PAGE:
Planned changes to the British Steel pension fund – who could lose out?

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The government is currently consulting on changes to the British Steel pension fund. They could mean that British Steel pensioners lose out in the future.

Q. Why is the government planning to change the British Steel pension fund?

A. The government is considering a bail-out for the UK’s steel industry and as part of that package it is consulting on making changes to the British Steel pension fund and separating the fund from the steel business. Because some of these changes would need legislation, the government has to approve them, which is why it’s consulting on them.

Q. How many people are in the British Steel pension scheme?

A. There are 130,000 members. Of those, 14,000 are currently employed and are paying into the pension scheme in question, 32,000 have left the pension scheme but are too young to retire (called ‘deferred’ members) and 84,000 are pensioners.

Q. How big is the deficit?

A. That might seem like a straightforward question, but there are different ways of calculating a deficit. To pay everyone the pension they’ve built up today would cost £7.5 billion (although obviously that’s not needed because some people aren’t due to retire for a while).

To pay the equivalent pension that someone would get if they were covered by the Pension Protection Fund would cost an extra £1.5 billion and if a solvent employer could take on the pension scheme, the deficit is £700 million. The problem is that it’s proving very difficult to find a company that would be happy to take on the pension scheme deficit.

Q. What could change if the government backs the changes to the British Steel pension fund?

A. There are several changes being considered. There are broadly four different options on the table in terms of how the pension scheme is separated from the employer. They’re all quite technical and they focus on what rules are used to separate the pension scheme from Tata Steel or for it to be transferred to a new employer.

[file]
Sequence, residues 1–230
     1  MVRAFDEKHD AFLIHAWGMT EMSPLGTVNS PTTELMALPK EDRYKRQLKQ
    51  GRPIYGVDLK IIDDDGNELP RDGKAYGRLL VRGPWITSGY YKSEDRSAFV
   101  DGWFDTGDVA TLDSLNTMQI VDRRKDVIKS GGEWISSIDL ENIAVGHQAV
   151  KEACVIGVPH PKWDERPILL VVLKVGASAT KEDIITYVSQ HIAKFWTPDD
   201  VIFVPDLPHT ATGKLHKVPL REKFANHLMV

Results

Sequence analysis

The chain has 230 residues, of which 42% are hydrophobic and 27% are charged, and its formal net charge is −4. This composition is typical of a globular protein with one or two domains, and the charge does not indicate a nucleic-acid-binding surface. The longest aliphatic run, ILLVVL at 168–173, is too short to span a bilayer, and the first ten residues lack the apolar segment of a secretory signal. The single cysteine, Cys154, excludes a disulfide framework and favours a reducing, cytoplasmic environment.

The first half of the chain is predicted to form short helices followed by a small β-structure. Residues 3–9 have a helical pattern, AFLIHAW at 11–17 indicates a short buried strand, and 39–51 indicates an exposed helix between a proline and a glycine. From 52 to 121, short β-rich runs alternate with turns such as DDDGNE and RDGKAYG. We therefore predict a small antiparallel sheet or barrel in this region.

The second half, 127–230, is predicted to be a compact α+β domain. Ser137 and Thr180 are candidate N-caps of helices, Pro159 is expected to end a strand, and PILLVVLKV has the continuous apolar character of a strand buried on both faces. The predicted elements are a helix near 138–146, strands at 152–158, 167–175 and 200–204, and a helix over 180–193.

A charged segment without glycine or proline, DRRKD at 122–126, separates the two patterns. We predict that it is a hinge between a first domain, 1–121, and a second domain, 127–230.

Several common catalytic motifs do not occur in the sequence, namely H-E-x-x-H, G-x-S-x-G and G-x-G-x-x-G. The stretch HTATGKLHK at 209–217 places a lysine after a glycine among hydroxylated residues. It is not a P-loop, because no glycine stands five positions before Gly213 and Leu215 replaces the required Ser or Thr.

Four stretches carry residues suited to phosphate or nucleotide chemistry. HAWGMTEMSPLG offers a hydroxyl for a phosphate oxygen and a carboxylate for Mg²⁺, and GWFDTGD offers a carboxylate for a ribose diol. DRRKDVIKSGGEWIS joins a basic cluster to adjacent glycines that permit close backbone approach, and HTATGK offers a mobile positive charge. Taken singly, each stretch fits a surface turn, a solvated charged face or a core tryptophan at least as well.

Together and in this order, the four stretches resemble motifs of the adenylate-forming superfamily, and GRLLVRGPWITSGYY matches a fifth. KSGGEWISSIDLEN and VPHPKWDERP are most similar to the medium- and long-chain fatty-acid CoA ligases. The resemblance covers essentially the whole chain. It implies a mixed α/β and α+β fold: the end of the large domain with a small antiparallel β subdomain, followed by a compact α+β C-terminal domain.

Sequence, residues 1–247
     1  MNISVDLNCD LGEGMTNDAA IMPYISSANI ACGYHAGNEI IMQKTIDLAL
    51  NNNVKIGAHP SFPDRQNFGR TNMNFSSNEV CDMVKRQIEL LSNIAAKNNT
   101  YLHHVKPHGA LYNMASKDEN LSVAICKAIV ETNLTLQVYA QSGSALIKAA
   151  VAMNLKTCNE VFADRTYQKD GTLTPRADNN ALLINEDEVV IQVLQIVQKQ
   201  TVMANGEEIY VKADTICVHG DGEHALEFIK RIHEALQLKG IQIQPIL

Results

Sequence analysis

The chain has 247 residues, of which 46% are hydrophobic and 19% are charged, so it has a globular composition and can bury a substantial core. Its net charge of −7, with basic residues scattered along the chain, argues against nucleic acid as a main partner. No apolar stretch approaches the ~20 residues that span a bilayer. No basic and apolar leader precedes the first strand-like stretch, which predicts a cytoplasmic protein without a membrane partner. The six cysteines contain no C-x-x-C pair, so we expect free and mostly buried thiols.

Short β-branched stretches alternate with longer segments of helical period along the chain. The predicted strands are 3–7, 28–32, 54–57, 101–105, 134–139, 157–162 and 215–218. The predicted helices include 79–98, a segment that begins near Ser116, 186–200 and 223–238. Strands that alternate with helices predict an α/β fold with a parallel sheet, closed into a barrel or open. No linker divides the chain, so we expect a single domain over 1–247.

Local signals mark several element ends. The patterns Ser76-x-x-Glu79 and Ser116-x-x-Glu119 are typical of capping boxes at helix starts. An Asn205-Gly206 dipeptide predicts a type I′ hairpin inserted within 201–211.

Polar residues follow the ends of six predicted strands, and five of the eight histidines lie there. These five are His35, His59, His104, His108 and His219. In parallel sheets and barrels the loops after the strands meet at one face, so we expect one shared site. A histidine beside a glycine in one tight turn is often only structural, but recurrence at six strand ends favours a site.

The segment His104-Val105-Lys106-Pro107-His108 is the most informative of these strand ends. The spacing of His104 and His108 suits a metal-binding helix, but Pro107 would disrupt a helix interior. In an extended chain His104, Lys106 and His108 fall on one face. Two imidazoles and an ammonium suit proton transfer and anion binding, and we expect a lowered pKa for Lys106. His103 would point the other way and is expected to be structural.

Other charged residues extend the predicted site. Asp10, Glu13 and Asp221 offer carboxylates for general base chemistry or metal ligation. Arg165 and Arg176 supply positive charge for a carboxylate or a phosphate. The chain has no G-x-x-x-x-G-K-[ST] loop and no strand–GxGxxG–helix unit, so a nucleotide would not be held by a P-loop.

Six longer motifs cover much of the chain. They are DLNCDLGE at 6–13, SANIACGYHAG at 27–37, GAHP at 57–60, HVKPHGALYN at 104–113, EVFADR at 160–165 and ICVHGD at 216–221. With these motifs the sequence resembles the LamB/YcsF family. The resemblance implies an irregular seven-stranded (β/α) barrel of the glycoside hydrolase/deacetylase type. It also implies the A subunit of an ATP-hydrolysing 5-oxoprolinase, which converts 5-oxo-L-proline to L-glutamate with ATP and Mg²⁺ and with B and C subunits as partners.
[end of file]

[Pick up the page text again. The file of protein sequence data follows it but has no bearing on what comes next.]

The preferred option seems to be one that means members of the British Steel pension fund would be paid a higher pension than they would have been paid if the scheme was taken over by the Pension Protection Fund, but not the pensions they were promised.

The pension provider Royal London says that the oldest pensioners could lose over £10,000 as a result of the changes.

Q. How much could British Steel pension scheme members get?

A. It’s hard to say exactly what they’d get, but part of the favoured option (if the government decides to go ahead after the consultation) would be:

  • To reduce the measure of inflation (the amount by which the pension rises each year) from RPI (retail prices index) to CPI for all pensions that are currently being paid.
  • To reduce the inflation linking for pensions of those who have left the pension scheme and are waiting to receive their pension.

Crucially, only part of their pension would only rise in line with inflation – namely the part that was built up after April 6th 1997. This is in line with the rules for the Pension Protection Fund. You can find out more about  How is your company pension protected by the Pension Protection Fund? in my article.

SAVVY TIP: The CPI rate is generally lower than RPI, and most pensioners pay a higher inflation rate than the average population as a result of what they spend their money on. This change would mean that in the future, existing pensioners would get a lower increase to their pension than they would under the current rules and may get no increase at all.

Q. I’m not in the British Steel pension scheme. Why does this matter?

A. The government’s current consultation only relates to the British Steel pension scheme but, if it gets the go ahead, there’s definitely a chance that other pension schemes will try and get similar changes.

Related articles:

Pensions jargon explained – what pension terms mean

Final salary (defined benefit) and defined contribution (pension pot type schemes) – what’s the difference?

BHS stores closing – what happens next?

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